[quote]

    The way I see the world, consumerism and materialism are evil.
    [/quote]
    That’s the way YOU see the world. Do you thinks what you said is TRUTH or just one persons opinion? Because if it’s just your opinion, you don’t need to preach so much.

    [quote]
    Physical objects are just arrangements of atoms, so are people. Nothing in the world has any intrinsic value

    [/quote]

    If you believe this, then what do you value?
    Your life? Others?
    [quote]
    Let’s use books as an example. I own quite a few shelves of books, but I down own them for the sake of owning. If I could get rid of them, I would, because they take up too much space.

    [/quote]
    You could get rid of them. Trust me. You could donate them to any number of places. Since you have such a space problem and yet do not like to consume, what are you doing with your money? Buy a bigger place to live!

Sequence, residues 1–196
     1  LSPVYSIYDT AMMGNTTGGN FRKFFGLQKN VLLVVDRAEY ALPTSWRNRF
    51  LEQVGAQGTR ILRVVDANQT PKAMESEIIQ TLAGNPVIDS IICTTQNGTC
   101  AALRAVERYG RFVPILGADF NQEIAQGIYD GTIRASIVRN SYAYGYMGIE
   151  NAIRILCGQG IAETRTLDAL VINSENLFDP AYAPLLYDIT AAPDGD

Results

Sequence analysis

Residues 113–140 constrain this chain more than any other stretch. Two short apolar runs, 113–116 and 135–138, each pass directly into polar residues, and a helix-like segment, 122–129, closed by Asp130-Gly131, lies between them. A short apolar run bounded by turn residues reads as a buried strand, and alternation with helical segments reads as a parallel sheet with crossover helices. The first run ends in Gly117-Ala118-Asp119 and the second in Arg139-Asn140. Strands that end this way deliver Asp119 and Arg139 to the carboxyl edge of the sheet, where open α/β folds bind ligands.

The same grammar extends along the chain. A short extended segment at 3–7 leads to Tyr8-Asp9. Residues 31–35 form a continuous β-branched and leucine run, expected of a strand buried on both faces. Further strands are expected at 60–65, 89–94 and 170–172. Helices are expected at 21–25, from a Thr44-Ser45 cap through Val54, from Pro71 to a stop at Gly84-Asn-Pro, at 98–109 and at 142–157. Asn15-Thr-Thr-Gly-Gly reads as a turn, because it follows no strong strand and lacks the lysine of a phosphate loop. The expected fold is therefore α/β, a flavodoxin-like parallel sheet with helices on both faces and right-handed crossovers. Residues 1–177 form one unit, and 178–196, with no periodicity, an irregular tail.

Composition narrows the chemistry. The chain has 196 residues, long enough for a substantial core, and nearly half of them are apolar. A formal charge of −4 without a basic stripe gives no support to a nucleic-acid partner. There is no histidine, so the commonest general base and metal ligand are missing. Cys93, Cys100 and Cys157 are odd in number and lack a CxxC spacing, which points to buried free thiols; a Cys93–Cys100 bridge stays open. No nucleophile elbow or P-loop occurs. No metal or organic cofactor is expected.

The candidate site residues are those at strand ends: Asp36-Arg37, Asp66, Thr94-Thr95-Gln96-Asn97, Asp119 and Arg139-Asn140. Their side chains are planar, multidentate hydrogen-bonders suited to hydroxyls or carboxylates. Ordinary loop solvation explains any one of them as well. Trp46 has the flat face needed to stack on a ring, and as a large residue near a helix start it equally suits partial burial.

[quote]
    Instead, I have a lower skill level in many areas than I could potentially have.

    [/quote]
    Oh, that’s why you can’t afford a bigger place.
    Sorry.

    It’s too bad you lost those skills. You could have learned the lesson of glass houses and rocks. But you’re pretty “awsome” so you’d be ok.

    [quote]
    I could have spent more time working on being a better human being instead of just becoming an owner of useless goods.
    [/quote]
    You know that collecting can increase ones social abilities? Collecting can give one an appreciation of history and organizational skills. Maybe it’s not collecting that is the reason you feel you lack certain skills.

    [quote]